Liberty Warrior just tweeted me saying I mentioned on the air that the Constitution enumerates 18 powers of the federal government. He wanted me to elaborate, so I forwarded him a show I did where I put the Constitution in a nutshell, as I understand it. I went to Stanford Law School and am a member of the Bar of the State of New York, but to come up with this quick & dirty outline, I simply read the Constitution. This is one of the reasons I respect Justice Scalia–a brilliant legal mind yet his touchstone was simply the text of the Constitution.

Here’s the podcast: The Constitution in a Nutshell

Here are my show notes from that show:

First, the Constitution lays out who does what in the federal govt and some guidelines for elections and other processes

  • Following the preamble, the very first thing in the constitution, Article 1 Section 1 states clearly: “All legislative powers herein granted shall be vested in Congress”
    • No executive orders other than to execute laws
    • Administrative “law” is invalid
      • I learned this on the first day of admin law class!
    • President is charged with executing laws
      • “preserve, protect, defend the Constitution”
      • is only commander and chief “when called into actual service”
      • must periodically address congress on the state of the union and make recommendations to them as to measures he judges necessary and expedient
      • “he shall take Care that the Laws be faithfully executed”

Second, the Constitution lays out exactly what powers the federal govt has–and doesn’t have

  • There are only 18 – they are called the enumerated powers:
  • Levy taxes, borrow money, regulate commerce, establish rule of naturalization, coin money, punish counterfeiting, establish a post office and post roads, grant copyrights, set up courts, punish pirates (!), declare war, raise armies, maintain a navy, make rules for the army and navy, provide for and call up the militia against rebellions and invasions, govern the nation’s capital, make all laws necessary for executing the powers of govt as laid out by the constitution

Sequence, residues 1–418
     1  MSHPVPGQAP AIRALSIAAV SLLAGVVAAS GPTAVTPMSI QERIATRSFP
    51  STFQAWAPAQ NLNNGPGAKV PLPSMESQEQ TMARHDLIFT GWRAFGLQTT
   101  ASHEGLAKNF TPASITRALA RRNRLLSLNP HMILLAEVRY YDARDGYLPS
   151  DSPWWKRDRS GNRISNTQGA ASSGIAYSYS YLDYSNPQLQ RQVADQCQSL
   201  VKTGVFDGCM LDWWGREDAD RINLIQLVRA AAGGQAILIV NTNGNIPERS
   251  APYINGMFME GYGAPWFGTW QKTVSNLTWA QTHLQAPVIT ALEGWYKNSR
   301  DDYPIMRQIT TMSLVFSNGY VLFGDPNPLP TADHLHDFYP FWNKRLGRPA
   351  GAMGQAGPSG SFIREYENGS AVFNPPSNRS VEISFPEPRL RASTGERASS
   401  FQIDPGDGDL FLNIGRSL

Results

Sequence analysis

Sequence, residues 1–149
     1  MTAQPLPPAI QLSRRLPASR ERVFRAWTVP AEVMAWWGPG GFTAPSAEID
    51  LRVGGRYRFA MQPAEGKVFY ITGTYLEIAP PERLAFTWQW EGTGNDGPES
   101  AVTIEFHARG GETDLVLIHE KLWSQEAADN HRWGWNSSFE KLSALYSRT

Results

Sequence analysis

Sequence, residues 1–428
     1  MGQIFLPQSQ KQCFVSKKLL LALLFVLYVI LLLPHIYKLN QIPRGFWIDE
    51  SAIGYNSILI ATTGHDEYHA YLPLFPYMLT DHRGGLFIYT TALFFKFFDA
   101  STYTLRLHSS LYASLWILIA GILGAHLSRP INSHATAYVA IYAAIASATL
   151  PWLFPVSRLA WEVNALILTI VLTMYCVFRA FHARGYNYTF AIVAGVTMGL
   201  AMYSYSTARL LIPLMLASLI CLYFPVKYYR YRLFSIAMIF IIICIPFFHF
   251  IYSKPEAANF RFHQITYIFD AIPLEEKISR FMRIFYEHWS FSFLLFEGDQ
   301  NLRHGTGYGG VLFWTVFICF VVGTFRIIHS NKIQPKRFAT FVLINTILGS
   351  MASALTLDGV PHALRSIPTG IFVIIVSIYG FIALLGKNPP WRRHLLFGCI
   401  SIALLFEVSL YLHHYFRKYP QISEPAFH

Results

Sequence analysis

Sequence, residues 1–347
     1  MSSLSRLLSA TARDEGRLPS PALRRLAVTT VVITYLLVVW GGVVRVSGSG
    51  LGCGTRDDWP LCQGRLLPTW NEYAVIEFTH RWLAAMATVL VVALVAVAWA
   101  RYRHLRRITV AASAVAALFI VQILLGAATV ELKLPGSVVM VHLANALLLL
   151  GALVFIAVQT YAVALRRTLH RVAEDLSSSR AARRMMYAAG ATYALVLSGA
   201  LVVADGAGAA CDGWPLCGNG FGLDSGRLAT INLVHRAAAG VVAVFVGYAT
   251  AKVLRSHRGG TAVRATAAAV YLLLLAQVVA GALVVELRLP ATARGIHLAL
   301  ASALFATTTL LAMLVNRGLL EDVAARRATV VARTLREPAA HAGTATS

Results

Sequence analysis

• Goes through a long list of things the govt may not do.

Finally the Bill of Rights goes through very specifically the things the govt may not do against individuals…

  • we hear more about the bill of rights than the constitution – mostly the bill of rights addresses the freedoms citizens need to beat back the government – free speech, freedom of the press, privacy, due process, guns, right to a trial
    • Obama’s last speech*: “the United States does not collect intelligence to suppress criticism or dissent”
      • so I guess it’s okay then?
        • The purpose of the bill of rights is to fight govt, if this doesn’t subvert that purpose then it’s okay to violate the BoR?
      • Actually it does collect intelligence to suppress criticism or dissent: IRS, AP/Fox scandal, General Petraeus
      • Obama knows what he’s doing – he was a con law professor – he is using his knowledge for bad – how to undermine not uphold the Constitution
    • But the Founders didn’t want anyone to think the Bill of Rights was an exhaustive list of ALL natural rights so it added
      • 9th Am – enumerating the rights doesn’t disparage others retained by the people
    • and finally…
      • 10th Am – powers not delegated to the federal govt by the constitution are reserved by the states and the people
        • well established this includes health, education & safety
          • Obamacare 100% unequivocally unconstitutional

*I think this is referring to the 2014 State of the Union Address

For the record, I would probably have been on Patrick Henry’s side in wanting to maintain the Articles of Confederation rather than replacing it with the Constitution. This was a raging debate at the time, misleadingly called the Federalists v the Anti-Federalists…I would have been an Anti-Federalist. (It should have been called the Nationalists v. the Federalists, in which case I would have been a Federalist.) The debate was conducted in the press as the Federalist Papers and the Anti-Federalist Papers, the latter of which, if I recall correctly, was intentionally suppressed in American history textbooks for many years. Here are some of the Anti-Federalist Papers.

Today, I realize that the Constitution and especially the Bill of Rights is better than anything we would ever get right now, so I don’t support anyone calling for a Constitutional Convention.

Here is Patrick Henry’s speech objecting to the Constitution.

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